June 6, 2013
Multiple Sclerosis Breakthrough Finishes Phase 1 With Flying Colors
Lee Rannals for redOrbit.com — Your Universe Onlinemyelin by 50 to 75 percent.
In MS, the immune system attacks and destroys myeline, which is the insulating layer that forms around nerves in the spinal cord, brain and optic nerve. When the insulation is destroyed, electrical signals cannot be effectively conducted, which results in symptoms that range from mild numbness to paralysis or blindness.
"The therapy stops autoimmune responses that are already activated and prevents the activation of new autoimmune cells," said Stephen Miller, the Judy Gugenheim Research Professor of Microbiology-Immunology at Northwestern University Feinberg School of Medicine. "Our approach leaves the function of the normal immune system intact. That's the holy grail."
During the trial, the team used MS patients' own white blood cells to stealthily deliver billions of myelin antigens into their bodies so their immune systems would recognize them as harmless and develop tolerance to them. Current therapies for MS suppress the entire immune system, which makes patients more susceptible to everyday infections and higher rates of cancer.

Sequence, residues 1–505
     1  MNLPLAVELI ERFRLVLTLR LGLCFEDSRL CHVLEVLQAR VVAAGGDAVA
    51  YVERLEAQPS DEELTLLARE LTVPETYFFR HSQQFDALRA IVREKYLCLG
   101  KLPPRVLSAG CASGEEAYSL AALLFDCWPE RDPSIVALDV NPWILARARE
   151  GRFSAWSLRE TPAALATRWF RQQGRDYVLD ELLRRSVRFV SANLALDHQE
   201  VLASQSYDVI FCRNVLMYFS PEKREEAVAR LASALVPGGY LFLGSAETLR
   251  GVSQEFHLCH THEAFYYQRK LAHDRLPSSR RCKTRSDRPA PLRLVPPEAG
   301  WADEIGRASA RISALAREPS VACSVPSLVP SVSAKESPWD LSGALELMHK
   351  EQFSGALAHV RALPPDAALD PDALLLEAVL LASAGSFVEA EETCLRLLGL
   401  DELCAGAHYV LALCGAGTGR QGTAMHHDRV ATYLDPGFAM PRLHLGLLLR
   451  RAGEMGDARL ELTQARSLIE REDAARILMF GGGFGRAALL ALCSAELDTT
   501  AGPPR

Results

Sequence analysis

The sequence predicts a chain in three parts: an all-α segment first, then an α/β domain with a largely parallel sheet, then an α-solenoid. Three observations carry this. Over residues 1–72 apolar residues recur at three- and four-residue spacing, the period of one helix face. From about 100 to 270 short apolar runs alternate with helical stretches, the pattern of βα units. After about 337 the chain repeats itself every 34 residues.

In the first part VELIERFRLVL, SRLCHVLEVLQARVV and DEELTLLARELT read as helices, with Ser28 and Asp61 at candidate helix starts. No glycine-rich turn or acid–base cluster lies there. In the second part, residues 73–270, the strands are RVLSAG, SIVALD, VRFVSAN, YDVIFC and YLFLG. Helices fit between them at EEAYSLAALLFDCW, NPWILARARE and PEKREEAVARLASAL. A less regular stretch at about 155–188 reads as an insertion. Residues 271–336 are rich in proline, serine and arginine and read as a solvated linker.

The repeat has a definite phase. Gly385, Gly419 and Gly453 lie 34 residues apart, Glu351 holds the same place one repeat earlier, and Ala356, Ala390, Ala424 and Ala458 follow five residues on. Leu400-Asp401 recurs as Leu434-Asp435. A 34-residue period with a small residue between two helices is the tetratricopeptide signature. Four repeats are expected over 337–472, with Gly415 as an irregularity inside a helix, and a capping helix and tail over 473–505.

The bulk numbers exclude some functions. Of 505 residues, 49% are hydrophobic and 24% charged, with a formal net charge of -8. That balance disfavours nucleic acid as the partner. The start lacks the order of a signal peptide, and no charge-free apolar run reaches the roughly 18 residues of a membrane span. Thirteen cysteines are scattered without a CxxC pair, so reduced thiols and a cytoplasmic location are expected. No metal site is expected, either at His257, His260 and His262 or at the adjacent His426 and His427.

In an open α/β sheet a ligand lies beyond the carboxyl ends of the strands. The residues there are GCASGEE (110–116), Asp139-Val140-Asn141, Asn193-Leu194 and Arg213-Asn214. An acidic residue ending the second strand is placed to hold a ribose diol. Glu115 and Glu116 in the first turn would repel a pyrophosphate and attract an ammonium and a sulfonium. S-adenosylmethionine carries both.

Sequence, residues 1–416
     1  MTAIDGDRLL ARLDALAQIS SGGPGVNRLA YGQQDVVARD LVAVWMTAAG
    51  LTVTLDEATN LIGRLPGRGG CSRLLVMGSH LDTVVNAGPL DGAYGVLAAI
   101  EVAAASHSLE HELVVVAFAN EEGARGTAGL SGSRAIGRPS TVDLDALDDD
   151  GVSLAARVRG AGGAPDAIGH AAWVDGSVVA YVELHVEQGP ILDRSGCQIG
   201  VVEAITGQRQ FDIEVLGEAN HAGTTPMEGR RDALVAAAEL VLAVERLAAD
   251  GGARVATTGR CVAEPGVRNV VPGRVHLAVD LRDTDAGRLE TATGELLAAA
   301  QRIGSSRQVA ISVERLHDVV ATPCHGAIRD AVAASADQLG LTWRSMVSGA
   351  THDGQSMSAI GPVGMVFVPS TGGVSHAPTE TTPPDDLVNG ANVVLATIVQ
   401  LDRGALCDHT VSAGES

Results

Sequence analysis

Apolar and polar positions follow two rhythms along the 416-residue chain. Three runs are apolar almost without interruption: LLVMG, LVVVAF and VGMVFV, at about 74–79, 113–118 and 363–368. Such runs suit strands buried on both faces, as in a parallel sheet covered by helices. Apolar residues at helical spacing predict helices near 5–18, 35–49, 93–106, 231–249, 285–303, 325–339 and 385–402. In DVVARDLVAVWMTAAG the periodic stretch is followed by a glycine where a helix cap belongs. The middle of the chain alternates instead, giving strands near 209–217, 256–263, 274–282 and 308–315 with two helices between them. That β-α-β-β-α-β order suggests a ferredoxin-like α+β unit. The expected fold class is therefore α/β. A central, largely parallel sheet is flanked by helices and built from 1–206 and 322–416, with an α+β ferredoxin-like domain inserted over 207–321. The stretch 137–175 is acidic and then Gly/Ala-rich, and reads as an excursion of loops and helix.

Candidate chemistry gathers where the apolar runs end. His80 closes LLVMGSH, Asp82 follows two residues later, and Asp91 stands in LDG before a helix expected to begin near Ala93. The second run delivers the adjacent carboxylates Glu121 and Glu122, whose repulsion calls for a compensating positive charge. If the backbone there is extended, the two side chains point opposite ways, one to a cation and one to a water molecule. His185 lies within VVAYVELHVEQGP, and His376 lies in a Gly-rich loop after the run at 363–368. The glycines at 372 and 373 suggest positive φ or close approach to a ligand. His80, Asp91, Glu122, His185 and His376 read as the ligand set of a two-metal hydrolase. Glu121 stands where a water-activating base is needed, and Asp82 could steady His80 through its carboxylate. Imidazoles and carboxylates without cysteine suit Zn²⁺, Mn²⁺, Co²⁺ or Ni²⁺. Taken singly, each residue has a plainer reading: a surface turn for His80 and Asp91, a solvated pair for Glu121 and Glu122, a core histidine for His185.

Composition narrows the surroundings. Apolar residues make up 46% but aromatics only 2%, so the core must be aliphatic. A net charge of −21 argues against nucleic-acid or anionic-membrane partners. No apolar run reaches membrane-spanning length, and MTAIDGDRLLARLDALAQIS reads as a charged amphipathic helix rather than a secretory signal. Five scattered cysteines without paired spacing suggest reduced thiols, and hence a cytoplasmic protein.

The study showed that patients who received the highest dose of white blood cells had the greatest reduction in myelin reactivity.
According to the researchers, the primary goal of the study was to demonstrate that the treatment was safe and tolerable. The study accomplished this by showing intravenous injection with myelin antigens caused no adverse affects in MS patients.
The study sets the stage for a phase two trial to determine if the treatment can prevent the progression of MS in humans. Scientists are trying to raise $1.5 million to launch the trial, which has already been proven in Switzerland.
"In the phase 2 trial we want to treat patients as early as possible in the disease before they have paralysis due to myelin damage." Miller said. "Once the myelin is destroyed, it's hard to repair that."
This therapy may not only be useful for treating MS, but could also help other autoimmune and allergic diseases by simply switching the antigens attached to the cells.
This research comes a week after "World MS Day" took place in over 40 countries around the globe. This day was a worldwide collaborative awareness campaign to build understanding of MS, which is the most common neurological disease affecting young adults.